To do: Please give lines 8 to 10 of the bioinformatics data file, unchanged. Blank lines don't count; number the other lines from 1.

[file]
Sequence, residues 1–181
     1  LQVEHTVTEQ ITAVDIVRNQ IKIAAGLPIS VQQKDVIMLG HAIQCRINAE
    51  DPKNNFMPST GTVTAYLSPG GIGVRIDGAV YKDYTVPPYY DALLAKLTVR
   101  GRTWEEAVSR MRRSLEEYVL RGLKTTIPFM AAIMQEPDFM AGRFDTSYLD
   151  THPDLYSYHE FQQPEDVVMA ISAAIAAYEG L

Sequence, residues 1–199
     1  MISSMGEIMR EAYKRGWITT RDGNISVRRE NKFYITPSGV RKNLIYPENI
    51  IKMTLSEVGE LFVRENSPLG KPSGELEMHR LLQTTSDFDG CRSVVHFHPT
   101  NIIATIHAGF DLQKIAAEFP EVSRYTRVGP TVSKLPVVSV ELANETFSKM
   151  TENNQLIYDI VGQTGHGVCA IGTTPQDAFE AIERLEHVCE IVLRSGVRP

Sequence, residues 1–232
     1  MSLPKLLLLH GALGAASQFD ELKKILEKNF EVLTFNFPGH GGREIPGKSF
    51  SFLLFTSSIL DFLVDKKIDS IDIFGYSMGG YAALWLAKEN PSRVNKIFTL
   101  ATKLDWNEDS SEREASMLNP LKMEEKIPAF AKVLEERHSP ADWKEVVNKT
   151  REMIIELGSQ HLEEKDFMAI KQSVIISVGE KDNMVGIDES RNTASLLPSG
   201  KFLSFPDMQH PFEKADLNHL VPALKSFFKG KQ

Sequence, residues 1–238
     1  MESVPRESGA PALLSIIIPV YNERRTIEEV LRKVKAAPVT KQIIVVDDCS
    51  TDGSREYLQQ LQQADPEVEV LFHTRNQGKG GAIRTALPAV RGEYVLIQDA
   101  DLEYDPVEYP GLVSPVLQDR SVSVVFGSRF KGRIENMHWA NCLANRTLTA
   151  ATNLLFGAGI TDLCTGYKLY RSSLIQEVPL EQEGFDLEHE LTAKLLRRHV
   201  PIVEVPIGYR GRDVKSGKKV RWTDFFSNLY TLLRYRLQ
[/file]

    51  IKMTLSEVGE LFVRENSPLG KPSGELEMHR LLQTTSDFDG CRSVVHFHPT
   101  NIIATIHAGF DLQKIAAEFP EVSRYTRVGP TVSKLPVVSV ELANETFSKM
   151  TENNQLIYDI VGQTGHGVCA IGTTPQDAFE AIERLEHVCE IVLRSGVRP